Does the economy trump all else?
Given the infrequency of Labor federal election wins, a cynic might observe that an inquiry would be more appropriate on those rare occasions when Labor emerges victorious. Of course, the surprise nature of the 2019 defeat meant that more questions than usual would be asked and that some of the answers might prove uncomfortable.
Craig Emerson and Jay Weatherill’s review seeks to dispose of the argument that Labor’s policies on franking credits and negative gearing played a decisive role, citing the swing to the party in more affluent seats. This may well become the accepted wisdom, although it continues to be challenged by Labor’s triumphalist opponents. On the best interpretation for Labor, though, it is surely ironical that the policy seems to have cost it more votes among those who’d never heard of franking credits than among those likely to be most disadvantaged by the proposal.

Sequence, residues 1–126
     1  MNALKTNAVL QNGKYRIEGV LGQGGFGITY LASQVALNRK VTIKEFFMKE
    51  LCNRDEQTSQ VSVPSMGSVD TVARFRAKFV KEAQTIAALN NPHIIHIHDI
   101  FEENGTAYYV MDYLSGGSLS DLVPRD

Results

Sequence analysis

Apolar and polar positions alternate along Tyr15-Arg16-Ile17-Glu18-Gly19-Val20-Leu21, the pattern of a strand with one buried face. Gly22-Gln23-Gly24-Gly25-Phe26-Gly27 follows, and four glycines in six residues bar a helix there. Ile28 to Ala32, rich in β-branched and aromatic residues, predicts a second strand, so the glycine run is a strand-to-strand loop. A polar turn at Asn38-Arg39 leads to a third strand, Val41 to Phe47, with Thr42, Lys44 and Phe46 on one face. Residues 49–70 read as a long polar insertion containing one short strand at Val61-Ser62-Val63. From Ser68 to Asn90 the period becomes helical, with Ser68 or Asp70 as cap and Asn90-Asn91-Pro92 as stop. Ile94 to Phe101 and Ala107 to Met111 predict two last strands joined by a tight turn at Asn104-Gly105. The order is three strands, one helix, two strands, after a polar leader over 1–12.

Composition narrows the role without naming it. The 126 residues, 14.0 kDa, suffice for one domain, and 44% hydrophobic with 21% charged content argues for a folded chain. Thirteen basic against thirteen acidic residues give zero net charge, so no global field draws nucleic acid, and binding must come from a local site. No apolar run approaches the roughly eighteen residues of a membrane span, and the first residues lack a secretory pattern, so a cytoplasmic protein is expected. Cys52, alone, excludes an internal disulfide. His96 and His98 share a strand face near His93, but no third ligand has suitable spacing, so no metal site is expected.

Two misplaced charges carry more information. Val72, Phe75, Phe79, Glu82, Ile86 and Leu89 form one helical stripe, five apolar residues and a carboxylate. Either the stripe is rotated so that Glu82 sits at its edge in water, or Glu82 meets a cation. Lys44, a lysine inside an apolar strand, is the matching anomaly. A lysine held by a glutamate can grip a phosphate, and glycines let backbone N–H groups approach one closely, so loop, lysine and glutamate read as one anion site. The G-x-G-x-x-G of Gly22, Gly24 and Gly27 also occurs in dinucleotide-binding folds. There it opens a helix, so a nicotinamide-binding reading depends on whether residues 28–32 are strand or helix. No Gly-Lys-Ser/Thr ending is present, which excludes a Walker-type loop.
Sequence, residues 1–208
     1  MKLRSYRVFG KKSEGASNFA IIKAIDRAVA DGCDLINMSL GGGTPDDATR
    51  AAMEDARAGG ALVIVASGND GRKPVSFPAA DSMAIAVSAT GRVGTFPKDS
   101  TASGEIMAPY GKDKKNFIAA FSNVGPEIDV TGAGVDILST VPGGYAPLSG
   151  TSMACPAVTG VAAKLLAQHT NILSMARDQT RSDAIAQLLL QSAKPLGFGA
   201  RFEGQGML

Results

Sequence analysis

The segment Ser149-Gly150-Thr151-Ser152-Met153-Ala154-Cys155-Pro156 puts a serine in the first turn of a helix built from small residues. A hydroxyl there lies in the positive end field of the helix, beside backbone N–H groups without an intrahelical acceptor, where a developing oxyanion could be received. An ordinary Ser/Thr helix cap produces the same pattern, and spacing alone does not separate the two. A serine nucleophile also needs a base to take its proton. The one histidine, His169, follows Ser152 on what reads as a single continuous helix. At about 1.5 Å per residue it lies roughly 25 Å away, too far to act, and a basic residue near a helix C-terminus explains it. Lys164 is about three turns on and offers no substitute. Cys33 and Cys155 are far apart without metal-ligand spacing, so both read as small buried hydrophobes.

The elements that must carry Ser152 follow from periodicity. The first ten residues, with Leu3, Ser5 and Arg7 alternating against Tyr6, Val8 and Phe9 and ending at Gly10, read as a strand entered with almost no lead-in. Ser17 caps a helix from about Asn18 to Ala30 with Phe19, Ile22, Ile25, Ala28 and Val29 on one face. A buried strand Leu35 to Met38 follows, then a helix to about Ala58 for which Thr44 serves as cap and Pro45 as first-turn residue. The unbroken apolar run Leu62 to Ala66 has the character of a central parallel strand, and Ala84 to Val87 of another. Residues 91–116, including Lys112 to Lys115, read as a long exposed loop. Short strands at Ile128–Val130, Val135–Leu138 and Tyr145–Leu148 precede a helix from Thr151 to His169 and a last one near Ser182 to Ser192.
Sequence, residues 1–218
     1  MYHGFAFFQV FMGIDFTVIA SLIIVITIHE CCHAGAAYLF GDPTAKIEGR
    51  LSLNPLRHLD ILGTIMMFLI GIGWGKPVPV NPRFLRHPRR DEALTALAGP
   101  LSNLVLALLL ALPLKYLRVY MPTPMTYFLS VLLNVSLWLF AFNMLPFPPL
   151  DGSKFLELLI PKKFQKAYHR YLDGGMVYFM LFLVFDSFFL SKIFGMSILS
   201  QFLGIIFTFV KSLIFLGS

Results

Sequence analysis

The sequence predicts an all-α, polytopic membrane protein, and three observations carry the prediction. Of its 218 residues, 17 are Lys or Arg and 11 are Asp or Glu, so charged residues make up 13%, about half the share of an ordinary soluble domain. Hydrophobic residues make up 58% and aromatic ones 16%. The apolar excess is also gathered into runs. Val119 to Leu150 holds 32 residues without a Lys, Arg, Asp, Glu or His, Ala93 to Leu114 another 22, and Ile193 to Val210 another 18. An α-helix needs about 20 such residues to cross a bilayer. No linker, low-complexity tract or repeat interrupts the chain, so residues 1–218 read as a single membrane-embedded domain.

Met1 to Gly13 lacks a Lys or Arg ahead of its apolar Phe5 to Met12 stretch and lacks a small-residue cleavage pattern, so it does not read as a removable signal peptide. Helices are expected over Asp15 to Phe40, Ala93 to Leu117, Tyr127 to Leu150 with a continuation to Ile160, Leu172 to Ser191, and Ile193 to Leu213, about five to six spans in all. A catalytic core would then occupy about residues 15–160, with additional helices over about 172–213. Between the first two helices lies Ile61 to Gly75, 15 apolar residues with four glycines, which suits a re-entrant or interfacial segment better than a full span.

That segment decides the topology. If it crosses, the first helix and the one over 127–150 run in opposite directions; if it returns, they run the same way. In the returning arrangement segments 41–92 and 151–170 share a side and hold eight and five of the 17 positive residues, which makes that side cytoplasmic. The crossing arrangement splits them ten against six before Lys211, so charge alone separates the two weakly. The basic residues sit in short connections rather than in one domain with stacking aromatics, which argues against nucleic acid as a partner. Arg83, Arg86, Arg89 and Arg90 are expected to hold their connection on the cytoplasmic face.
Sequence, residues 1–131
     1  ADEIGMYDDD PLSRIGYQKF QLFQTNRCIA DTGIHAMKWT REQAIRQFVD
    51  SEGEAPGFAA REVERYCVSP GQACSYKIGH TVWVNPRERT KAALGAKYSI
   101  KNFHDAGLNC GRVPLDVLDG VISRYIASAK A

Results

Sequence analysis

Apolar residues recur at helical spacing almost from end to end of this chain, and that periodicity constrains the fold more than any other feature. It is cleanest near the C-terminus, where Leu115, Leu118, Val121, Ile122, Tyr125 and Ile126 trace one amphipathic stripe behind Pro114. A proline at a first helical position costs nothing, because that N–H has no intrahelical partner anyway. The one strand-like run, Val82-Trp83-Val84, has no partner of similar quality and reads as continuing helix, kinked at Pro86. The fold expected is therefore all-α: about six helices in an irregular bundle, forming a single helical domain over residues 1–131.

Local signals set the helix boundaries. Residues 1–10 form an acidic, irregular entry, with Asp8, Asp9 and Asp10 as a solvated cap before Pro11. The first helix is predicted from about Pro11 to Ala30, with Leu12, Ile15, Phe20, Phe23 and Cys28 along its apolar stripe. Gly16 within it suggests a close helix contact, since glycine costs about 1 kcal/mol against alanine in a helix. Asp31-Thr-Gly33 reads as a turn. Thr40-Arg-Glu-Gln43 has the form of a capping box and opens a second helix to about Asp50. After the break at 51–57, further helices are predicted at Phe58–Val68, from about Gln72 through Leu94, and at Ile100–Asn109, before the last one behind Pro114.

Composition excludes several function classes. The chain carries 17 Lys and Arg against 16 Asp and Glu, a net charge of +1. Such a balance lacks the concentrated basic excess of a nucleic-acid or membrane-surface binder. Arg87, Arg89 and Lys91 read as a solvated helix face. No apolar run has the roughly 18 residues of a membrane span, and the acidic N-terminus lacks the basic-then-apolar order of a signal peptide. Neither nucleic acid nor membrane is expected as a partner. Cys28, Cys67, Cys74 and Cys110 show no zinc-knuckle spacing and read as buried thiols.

The more general point made in the review — that the policies were vulnerable to misrepresentation and reinforced perennial concerns about Labor’s economic management skills — seems sound. Remarkably, it seems that none of the party’s strategists anticipated such a danger, naively assuming that they could control the direction of the ensuing debate.
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